The first step is to put the AspectJ compiler in a folder close to the harness folder in your platform’s folder structure. In my folder structure, it is located at ${harness.dir}/../aspectj1.6. Then simply replace this part of the "common.xml" build script:

<target name="compile" depends="init,up-to-date" unless="is.jar.uptodate">
<mkdir dir="${build.classes.dir}"/>
<depend srcdir="${src.dir}" destdir="${build.classes.dir}" cache="build/depcache">
<classpath refid="cp"/>
</depend>
<nb-javac srcdir="${src.dir}" destdir="${build.classes.dir}" debug="${build.compiler.debug}"
debuglevel="${build.compiler.debuglevel}" encoding="UTF-8"
deprecation="${build.compiler.deprecation}" optimize="${build.compiler.optimize}"
source="${javac.source}" target="${javac.target}" includeantruntime="false">
<classpath refid="cp"/>
<compilerarg line="${javac.compilerargs}"/>
<processorpath refid="processor.cp"/>
</nb-javac>

with this:

<target name="compile-aspectj" if="aspectjcompiler">
<property name="cpProperty" refid="cp"/>
<property name="aspectj.lib.dir" location="${harness.dir}/../aspectj1.6/lib"/>
<property name="aspectjtools.jar" location="${aspectj.lib.dir}/aspectjtools.jar"/>
<property name="aspectjrt.jar" location="${aspectj.lib.dir}/aspectjrt.jar"/>
<taskdef resource="org/aspectj/tools/ant/taskdefs/aspectjTaskdefs.properties">
<classpath>
<pathelement path="${aspectjtools.jar}"/>
</classpath>
</taskdef>
<iajc destdir="${build.classes.dir}" srcdir="${src.dir}" source="${javac.source}" fork="true"
forkclasspath="${aspectjtools.jar}" classpath="${aspectjrt.jar};${cpProperty}"
failonerror="false"/>
</target>

<target name="compile-nb-javac" unless="aspectjcompiler">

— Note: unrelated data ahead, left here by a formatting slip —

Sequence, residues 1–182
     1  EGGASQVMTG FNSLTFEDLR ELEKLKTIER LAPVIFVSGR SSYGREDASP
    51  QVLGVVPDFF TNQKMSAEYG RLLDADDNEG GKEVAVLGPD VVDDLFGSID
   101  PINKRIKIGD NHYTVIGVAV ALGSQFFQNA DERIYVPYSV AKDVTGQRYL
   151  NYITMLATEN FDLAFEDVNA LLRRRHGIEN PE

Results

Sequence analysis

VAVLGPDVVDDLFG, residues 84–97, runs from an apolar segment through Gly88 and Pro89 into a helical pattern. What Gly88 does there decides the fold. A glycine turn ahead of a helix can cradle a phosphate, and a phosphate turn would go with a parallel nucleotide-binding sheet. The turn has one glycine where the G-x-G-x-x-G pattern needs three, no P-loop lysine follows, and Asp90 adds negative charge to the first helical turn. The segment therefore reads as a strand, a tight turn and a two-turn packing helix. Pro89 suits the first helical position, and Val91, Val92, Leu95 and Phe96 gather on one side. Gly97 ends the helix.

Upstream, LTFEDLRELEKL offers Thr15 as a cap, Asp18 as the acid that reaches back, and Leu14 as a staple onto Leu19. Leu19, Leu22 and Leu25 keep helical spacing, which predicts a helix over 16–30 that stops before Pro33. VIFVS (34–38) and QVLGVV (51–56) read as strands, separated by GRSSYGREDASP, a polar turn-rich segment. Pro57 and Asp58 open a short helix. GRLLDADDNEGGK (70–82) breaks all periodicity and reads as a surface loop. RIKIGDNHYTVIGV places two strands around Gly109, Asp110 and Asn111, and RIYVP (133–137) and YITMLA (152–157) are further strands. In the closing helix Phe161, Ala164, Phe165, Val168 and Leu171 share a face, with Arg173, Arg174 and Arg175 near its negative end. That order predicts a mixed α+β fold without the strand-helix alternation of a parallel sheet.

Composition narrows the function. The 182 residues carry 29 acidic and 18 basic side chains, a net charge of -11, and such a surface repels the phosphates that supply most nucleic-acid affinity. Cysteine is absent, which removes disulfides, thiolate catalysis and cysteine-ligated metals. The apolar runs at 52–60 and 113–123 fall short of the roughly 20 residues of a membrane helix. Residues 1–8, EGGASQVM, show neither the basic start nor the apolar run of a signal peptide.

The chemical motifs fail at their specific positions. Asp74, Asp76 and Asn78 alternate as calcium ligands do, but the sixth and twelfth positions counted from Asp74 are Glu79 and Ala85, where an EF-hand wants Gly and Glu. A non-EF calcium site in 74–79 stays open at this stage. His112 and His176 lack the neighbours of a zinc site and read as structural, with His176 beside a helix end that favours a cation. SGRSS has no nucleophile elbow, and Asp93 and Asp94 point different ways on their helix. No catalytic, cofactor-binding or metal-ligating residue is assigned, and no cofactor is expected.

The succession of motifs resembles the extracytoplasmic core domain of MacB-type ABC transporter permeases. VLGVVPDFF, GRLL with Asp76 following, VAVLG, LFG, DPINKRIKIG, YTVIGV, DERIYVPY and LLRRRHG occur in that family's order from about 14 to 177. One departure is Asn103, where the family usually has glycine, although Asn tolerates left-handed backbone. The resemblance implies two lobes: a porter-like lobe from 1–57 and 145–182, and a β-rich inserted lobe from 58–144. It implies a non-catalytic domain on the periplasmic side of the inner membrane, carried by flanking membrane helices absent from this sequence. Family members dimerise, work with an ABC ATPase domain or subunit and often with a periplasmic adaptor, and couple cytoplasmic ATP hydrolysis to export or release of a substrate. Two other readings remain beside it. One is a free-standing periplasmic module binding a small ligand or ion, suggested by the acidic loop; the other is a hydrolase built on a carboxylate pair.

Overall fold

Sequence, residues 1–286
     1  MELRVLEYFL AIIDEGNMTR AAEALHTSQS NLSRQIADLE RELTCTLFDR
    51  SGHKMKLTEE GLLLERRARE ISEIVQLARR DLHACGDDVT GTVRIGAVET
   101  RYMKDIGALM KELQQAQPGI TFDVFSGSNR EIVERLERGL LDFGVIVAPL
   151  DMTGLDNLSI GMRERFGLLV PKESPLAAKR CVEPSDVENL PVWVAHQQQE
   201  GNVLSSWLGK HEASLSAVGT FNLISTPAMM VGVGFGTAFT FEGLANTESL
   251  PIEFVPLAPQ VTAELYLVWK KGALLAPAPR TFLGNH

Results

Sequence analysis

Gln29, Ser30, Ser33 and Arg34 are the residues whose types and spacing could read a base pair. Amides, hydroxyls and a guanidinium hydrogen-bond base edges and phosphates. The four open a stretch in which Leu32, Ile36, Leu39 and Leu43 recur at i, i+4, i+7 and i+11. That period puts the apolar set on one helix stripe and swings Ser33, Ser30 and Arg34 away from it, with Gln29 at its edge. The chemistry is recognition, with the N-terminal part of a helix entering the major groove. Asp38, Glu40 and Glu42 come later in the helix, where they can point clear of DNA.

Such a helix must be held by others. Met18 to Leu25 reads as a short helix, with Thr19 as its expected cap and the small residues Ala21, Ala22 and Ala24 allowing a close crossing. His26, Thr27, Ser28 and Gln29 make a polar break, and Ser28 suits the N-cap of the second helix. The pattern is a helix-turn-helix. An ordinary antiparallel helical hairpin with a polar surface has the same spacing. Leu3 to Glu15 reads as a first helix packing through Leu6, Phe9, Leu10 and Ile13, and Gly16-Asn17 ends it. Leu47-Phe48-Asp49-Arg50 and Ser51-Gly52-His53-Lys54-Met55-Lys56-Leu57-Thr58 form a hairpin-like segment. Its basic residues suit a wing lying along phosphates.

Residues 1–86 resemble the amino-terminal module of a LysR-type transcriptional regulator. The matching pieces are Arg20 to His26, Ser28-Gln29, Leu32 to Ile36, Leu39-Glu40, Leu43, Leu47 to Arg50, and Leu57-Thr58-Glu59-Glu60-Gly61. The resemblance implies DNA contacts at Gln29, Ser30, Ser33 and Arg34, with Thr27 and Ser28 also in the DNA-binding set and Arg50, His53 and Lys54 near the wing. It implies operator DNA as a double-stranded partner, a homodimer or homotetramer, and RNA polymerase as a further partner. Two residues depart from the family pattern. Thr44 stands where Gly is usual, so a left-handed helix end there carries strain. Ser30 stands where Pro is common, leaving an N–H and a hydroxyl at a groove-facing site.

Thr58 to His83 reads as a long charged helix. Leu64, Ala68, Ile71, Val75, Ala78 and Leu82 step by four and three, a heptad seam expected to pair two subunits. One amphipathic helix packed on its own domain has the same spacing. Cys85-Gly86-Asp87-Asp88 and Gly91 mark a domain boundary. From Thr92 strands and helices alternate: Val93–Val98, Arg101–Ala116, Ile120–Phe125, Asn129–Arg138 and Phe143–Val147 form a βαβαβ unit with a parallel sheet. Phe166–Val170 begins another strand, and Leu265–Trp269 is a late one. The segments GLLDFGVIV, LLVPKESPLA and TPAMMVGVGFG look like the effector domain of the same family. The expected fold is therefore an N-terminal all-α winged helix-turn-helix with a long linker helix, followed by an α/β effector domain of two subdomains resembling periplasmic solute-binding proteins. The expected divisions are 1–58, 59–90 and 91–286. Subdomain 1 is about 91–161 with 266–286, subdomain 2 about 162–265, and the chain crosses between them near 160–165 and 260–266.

<nb-javac srcdir="${src.dir}" destdir="${build.classes.dir}" debug="${build.compiler.debug}"
debuglevel="${build.compiler.debuglevel}" encoding="UTF-8" deprecation="${build.compiler.deprecation}"
optimize="${build.compiler.optimize}" source="${javac.source}" target="${javac.target}" includeantruntime="false">
<classpath refid="cp"/>
<compilerarg line="${javac.compilerargs}"/>
<processorpath refid="processor.cp"/>
</nb-javac>
</target>

<target name="compile" depends="init,up-to-date" unless="is.jar.uptodate">
<mkdir dir="${build.classes.dir}"/>
<depend srcdir="${src.dir}" destdir="${build.classes.dir}" cache="build/depcache">
<classpath refid="cp"/>
</depend>
<antcall target="compile-aspectj" inheritAll="true" />
<antcall target="compile-nb-javac" inheritAll="true" />

To activate the AspectJ compiler for a specific module, simply define the "aspectjcompiler=required" property in the "project.properties" file of the module.

However, since the NetBeans compiler is now no longer used, the new annotations are no longer processed. A better way would be to compile the Java and Aspect files separately and then weave them.

9. Conclusion

The NetBeans Platform build harness does its job pretty well, and is configurable without even having to modify scripts. Knowing how the harness works enables the developer to resolve issues that may arise when using the build harness in other ways. The scripts are available for modification if weird and wonderful things are required of it, such as switching off auto-update information generation and replacing the Java compiler with a different one.

From http://www.kitt.co.za